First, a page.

Trump threatens to torpedo COVID-19 relief bill with new demands

The COVID-19 relief bill has a $600 payment to Americans, but Trump urged Congress to raise ‘the ridiculously low $600 to $2,000, or $4,000 for a couple.’


President Trump has threatened to torpedo Congress’ massive COVID-19 relief package amid the spiraling pandemic and deep economic uncertainty, suddenly demanding changes that fellow Republicans have opposed.

Trump assailed the bipartisan $900-billion package in a video he tweeted Tuesday night and suggested he may not sign the legislation. He called on lawmakers to increase direct payments for most Americans from $600 to $2,000 for individuals and $4,000 for couples.

Railing against several provisions in the bill, including for foreign aid, he told lawmakers to “get rid of the wasteful and unnecessary items from this legislation and to send me a suitable bill.”


Trump did not specifically vow to veto the bill, and there may be enough support for the legislation in Congress to override him if he does. But if Trump were to upend the sprawling legislation, the consequences would be severe, including no federal aid to struggling Americans and small businesses, and no additional resources to help with vaccine distribution. In addition, because lawmakers linked the pandemic relief bill to an overarching funding measure, the government would shut down Tuesday.

The relief package was part of a hard-fought compromise bill that includes $1.4 trillion to fund government agencies through September and contains other end-of-session priorities such as money for cash-starved transit systems, an increase in food stamp benefits and about $4 billion to help other nations provide a COVID-19 vaccine for their people.

Lawmakers spent months in a stalemate over pandemic relief funds, even as COVID-19 cases soared across the country. Democrats had pushed for higher payments to Americans, but compromised with Republicans to allow a deal to proceed.

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Following Trump’s interjection, House Speaker Nancy Pelosi (D-San Francisco) all but dared Trump’s Republican allies in Congress to meet the president’s demand for far higher payments.

“At last, the President has agreed to $2,000. Democrats are ready to bring this to the Floor this week by unanimous consent. Let’s do it!,” Pelosi said in a tweet. An aide said she would put the proposal forward Thursday for a vote.


Republicans have been reluctant to spend more on pandemic relief and only agreed to the big year-end package as time dwindled for a final deal. Sen. Charles E. Schumer of New York, the Senate Democratic leader, had called on Trump “to sign the bill to help people and keep the government open,” and said Congress would step up with more aid afterward.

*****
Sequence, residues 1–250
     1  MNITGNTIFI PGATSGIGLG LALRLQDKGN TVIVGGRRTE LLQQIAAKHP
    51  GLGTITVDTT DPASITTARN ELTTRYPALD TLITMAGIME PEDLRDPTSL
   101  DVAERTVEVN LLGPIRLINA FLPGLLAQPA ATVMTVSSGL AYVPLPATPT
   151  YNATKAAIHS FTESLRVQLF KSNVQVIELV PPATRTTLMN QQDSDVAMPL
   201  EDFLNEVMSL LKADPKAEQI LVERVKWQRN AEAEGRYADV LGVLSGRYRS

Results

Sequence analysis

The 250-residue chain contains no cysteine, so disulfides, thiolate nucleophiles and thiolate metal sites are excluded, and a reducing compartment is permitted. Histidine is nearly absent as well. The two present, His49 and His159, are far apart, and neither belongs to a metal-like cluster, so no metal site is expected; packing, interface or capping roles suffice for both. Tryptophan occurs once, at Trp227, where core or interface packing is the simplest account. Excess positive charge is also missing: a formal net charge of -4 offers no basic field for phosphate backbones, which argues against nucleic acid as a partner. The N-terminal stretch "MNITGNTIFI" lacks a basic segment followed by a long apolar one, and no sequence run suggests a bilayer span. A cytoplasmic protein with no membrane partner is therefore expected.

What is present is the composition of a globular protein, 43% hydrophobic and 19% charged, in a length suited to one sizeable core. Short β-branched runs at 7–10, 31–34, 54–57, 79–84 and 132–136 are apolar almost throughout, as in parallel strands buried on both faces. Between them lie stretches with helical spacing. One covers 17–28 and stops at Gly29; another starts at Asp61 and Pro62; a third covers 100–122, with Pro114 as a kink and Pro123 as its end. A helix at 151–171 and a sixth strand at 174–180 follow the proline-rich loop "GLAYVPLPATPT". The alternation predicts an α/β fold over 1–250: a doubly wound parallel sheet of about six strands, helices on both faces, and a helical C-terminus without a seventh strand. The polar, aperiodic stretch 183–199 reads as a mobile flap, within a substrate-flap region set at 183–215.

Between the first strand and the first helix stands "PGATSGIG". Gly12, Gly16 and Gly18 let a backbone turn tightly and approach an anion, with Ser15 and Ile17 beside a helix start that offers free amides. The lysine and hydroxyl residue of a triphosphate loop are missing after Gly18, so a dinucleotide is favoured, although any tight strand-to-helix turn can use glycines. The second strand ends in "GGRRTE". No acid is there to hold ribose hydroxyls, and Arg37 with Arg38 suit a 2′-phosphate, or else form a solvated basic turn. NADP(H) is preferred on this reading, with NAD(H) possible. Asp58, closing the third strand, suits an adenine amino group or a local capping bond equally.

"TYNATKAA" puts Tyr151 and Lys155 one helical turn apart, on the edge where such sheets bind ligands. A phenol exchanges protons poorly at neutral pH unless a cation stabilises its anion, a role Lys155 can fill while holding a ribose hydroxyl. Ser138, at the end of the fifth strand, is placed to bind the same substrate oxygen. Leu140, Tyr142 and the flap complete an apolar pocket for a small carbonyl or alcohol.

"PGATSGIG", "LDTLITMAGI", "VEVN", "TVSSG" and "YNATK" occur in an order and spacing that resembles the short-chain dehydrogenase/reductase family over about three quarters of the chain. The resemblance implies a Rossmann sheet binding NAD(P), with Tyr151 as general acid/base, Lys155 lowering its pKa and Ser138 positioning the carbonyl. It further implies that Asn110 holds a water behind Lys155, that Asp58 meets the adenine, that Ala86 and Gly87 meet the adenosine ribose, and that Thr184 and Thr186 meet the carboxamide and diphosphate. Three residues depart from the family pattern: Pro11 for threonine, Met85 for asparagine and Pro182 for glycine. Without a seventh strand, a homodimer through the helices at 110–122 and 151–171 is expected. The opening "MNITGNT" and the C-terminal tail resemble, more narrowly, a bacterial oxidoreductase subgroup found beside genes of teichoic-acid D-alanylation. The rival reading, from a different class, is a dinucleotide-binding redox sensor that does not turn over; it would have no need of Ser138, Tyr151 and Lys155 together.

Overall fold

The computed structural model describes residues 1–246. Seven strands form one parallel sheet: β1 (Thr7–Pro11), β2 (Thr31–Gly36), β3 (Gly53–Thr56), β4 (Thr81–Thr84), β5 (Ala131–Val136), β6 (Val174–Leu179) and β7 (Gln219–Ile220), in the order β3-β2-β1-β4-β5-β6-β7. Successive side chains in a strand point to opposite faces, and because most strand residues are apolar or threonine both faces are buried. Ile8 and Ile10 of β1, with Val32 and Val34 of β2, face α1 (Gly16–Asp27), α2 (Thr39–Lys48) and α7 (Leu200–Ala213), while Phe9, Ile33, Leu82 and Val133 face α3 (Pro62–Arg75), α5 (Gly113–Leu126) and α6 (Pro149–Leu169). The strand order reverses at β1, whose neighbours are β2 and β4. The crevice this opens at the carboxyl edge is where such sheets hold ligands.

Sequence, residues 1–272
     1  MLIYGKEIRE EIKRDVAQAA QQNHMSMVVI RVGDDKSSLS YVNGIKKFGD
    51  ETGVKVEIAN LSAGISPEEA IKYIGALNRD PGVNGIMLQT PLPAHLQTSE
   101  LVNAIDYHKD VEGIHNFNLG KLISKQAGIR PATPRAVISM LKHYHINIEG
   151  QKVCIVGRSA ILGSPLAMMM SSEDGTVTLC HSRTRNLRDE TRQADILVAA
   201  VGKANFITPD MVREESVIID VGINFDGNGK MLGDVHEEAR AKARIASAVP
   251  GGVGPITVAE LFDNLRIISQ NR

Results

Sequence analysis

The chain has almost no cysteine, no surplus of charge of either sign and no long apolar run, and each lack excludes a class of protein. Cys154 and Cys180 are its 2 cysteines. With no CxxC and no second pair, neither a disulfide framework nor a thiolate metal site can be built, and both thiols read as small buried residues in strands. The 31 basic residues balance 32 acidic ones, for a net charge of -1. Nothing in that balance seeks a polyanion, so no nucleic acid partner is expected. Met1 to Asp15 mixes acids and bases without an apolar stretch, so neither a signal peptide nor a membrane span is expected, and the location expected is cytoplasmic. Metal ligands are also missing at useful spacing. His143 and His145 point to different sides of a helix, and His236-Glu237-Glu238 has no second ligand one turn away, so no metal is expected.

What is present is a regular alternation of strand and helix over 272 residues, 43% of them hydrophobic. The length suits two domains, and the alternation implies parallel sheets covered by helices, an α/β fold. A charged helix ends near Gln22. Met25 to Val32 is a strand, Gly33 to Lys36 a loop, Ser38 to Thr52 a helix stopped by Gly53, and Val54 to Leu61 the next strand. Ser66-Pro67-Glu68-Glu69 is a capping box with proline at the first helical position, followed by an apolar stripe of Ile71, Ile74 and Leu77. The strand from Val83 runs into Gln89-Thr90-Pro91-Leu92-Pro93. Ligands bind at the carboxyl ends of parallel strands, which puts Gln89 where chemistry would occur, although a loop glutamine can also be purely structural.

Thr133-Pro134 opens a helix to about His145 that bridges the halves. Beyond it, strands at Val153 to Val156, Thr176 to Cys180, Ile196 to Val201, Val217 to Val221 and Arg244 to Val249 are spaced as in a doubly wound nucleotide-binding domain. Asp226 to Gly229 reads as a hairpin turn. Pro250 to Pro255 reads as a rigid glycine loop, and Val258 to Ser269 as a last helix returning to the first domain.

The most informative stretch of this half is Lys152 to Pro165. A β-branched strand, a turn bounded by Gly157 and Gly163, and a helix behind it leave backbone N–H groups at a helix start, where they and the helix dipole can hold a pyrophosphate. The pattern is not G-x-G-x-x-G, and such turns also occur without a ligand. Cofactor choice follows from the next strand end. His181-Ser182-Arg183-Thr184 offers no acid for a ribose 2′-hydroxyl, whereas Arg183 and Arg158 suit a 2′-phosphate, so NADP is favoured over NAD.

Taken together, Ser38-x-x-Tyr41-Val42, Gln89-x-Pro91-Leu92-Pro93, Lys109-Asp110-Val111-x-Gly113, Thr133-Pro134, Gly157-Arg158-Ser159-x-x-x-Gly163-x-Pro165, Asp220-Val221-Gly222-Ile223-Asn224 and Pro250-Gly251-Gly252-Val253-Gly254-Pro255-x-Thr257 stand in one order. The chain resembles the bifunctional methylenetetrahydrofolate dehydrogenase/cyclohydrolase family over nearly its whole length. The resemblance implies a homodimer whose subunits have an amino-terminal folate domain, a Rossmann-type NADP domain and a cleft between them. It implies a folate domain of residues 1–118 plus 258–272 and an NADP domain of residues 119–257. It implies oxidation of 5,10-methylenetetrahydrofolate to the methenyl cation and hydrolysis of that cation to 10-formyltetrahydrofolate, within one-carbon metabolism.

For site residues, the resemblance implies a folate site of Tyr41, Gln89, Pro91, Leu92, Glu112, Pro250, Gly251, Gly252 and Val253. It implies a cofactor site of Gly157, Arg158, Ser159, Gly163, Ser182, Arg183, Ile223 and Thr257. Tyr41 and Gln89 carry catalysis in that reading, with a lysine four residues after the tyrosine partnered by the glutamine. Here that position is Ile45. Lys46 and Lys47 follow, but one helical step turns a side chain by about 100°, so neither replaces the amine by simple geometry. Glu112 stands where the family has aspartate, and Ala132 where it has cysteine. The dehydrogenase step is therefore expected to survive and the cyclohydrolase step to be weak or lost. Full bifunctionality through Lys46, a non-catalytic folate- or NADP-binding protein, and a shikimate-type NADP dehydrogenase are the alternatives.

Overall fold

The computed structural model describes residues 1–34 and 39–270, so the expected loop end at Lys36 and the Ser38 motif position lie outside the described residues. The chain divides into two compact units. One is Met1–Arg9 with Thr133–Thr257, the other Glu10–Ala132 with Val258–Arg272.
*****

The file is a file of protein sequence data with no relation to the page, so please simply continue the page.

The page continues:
Trump’s call for changes to the legislation will test his sway with a Republican Party he has held tight control of throughout his presidency. Several Senate Republicans, including Majority Leader Mitch McConnell of Kentucky, have begun gingerly to break with Trump and acknowledge his election defeat to President-elect Joe Biden. McConnell has also warned Republicans against disputing the election Jan. 6, when Congress must formally affirm the results.

Shortly after castigating the relief bill, Trump challenged McConnell and Sen. John Thune of South Dakota, the No. 2 Senate Republican, who has also said any effort to overturn Biden’s victory would be futile. Trump said he would back a primary challenge to Thune when he is up for reelection in 2022.

The relief package was brought forward Monday afternoon and sped through the House and Senate in a matter of hours as lawmakers worked to close the books on the year. While many lawmakers complained about being given so little time to read the bill, they overwhelmingly voted for it as local businesses and constituents seek economic relief from the pandemic.

The Senate cleared the package with a 92-6 vote after the House approved it by another lopsided vote, 359-53. Those vote totals would be enough to override a veto should Trump decide to take that step.

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After months of partisanship and politicking about a relief package, the logjam broke after Biden urged his party to accept a compromise with top Republicans that is smaller than many Democrats would have liked.

The bill would establish a temporary $300 per week supplemental jobless benefit and a $600 direct stimulus payment to most Americans, along with a new round of subsidies for hard-hit businesses, restaurants and theaters, and money for schools, healthcare providers and renters facing eviction.

Earlier in the day, Biden applauded lawmakers for their work. He described the package as far from perfect, but said that “it does provide vital relief at a critical time.”

He also said more relief would be needed in the months ahead. “We have our first hint and glimpse of bipartisanship,” Biden said. “In this election, the American people made it clear they want us to reach across the aisle and work together.”